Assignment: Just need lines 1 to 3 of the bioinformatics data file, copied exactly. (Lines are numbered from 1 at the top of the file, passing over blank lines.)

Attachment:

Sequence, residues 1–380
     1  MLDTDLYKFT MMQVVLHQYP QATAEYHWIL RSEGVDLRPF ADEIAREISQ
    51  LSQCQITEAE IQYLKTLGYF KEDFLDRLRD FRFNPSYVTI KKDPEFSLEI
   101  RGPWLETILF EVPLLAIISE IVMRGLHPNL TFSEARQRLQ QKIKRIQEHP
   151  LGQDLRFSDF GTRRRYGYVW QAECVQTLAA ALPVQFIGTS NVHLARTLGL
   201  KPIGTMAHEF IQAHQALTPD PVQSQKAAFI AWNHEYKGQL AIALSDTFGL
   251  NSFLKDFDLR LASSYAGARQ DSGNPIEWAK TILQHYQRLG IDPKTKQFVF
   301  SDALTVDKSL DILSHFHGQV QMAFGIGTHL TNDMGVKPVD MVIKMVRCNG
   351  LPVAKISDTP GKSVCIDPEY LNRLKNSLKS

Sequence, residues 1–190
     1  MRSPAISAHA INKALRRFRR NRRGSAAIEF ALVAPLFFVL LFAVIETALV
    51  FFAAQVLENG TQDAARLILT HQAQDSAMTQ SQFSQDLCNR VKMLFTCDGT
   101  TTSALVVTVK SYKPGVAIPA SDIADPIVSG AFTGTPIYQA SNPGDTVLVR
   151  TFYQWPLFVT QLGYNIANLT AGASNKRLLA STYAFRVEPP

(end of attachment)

Sequence, residues 1–380
     1  MLDTDLYKFT MMQVVLHQYP QATAEYHWIL RSEGVDLRPF ADEIAREISQ
    51  LSQCQITEAE IQYLKTLGYF KEDFLDRLRD FRFNPSYVTI KKDPEFSLEI